WARF manages inventions by UW-Madison professors and claims United States patents on all human embryonic stem cells in the U.S., no matter where or how they are derived. These patents, which are likely to produce a windfall for the UW, were obtained by WARF after Thomson grew human embryonic stem cells in a laboratory.

Andrew Cohn, a spokesman for WARF, said the new method of deriving stem cells should not hurt Wisconsin's standing as a leader in stem-cell research. He also said WiCell, the nation's first stem-cell bank and a subsidiary of WARF, would be interested in helping distribute stem cell lines derived from this method.

He also said it's too early to tell how the new method would impact WARF's stem cell patents. "We don't even know what they claim in their patents, but that's the last thing we're concerned about," Cohn said. "We need time to dissect and digest its full impact."

The WARF patents already are embroiled in a legal challenge. The Public Patent Foundation, on behalf of the California-based Foundation for Taxpayer and Consumer Rights, has filed a formal request with the United States Patent and Trademark Office to re-examine three patents held by WARF. The filing contends that WARF patents are restricting scientific research and never should have been granted.

If the WARF patents are upheld, would the organization have the right to make a claim on stem cells derived by this new method? John Simpson, stem cell project director for the Santa Monica-based Foundation for Taxpayer and Consumer Rights, believes they would. "They would claim the right to human embryonic stem cell patents derived in this [new] way," Simpson stated.

He also said the new method of deriving stem cells doesn't make the WARF patent a moot point because it hasn't been replicated elsewhere, and the research community still isn't sure how robust it is.

"It's unclear how effective it will be in deriving all the different types of stem cells that are needed [for research]," he said.

Related stories

Bush vetoes stem cell research bill

Request to re-examine WARF stem cell patents escalates war of words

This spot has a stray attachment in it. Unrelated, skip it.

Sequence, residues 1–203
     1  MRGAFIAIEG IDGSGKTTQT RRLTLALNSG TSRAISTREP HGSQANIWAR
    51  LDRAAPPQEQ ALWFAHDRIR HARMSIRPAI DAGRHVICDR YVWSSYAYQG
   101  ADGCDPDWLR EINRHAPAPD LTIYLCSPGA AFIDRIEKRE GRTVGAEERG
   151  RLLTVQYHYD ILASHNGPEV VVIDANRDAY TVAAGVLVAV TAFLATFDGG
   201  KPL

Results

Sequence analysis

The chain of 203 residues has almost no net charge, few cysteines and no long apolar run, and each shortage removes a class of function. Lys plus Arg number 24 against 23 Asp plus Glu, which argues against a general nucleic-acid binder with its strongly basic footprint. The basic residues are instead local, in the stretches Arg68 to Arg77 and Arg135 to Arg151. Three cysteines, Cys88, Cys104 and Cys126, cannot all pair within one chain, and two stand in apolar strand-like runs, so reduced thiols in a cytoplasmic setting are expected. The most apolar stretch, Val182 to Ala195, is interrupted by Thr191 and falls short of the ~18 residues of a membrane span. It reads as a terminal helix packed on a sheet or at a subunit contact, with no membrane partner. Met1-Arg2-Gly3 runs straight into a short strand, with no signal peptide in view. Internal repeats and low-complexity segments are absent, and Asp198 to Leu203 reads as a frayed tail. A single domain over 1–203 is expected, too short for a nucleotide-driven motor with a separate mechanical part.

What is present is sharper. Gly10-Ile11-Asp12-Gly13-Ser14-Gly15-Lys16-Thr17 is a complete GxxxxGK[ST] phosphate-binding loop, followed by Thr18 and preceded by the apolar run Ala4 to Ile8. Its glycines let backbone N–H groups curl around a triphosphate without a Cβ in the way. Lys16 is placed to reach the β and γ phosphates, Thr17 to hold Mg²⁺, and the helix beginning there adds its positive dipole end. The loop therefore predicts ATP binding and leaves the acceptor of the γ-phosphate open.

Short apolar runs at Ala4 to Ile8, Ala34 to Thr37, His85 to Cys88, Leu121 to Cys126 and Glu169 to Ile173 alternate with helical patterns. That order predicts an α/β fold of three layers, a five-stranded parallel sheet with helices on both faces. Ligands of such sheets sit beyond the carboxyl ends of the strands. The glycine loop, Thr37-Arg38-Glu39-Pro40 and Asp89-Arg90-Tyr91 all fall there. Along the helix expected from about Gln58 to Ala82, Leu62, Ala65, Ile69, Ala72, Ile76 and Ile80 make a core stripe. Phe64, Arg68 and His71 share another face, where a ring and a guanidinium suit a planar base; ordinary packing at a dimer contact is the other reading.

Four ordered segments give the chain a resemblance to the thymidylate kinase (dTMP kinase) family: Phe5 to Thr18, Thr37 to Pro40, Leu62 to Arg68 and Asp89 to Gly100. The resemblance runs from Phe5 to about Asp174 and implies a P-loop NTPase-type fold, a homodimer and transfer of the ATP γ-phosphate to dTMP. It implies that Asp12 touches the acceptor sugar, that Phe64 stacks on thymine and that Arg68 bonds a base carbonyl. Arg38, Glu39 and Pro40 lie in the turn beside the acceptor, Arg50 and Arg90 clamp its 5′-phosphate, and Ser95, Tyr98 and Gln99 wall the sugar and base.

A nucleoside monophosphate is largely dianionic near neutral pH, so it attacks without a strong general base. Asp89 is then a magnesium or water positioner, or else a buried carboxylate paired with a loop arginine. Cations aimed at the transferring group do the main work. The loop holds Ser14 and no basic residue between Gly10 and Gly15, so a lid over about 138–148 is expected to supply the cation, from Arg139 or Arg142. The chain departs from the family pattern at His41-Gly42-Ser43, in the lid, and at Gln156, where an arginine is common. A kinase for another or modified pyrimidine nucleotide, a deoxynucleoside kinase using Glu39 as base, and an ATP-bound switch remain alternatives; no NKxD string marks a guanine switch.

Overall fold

California group says ruling weakens WARF's stem cell patent

WARF says it's ready for a legal challenge on stem cells

Human stem cells grown free of animal contamination


Richard Bonomo responded 8 years ago: #1

The biggest problem with the proposed "new" method is that at some point a cell which is removed from the blastomere (morula?) at some point becomes a free-standing individual in his own right.

This very method is used to "clone" cows: cells are removed from bovine blastomeres at this stage, one at a time. I seem to recall reading (in the Wisconsin State Journal) that "they" can pull up to 12 cells from a bovine blastomere over the course of time, resulting in 13 identical twin cows. A process similar to this is how identical twins in various animals (including Man) are produced: the pre-embryo divides at some stage well before cell differentiation. The question is how much time and what has to happen before a cell isolated from the rest of the cell mass switches mode from a functioning part of a larger whole to being a "whole" itself.

There are other remaning moral problems: IVF itself is a problem, and putting a human pre-embryo at unknown risk for research purposes is another. Personally, I think the only way this is going to work on the moral plane is if either:

1. An ovum or sperm (or both) - or a nucleus from an adult cell - can be pre-treated before fertilization or transfer - such that no omnipotent cells are produced in the ensuing mitosis, or

2. If an adult cell can be treated to cause it to relapse back into an undifferentiated and pluripotent state.
This would slow things down for a while, but it would eliminate the moral problems with the current approach.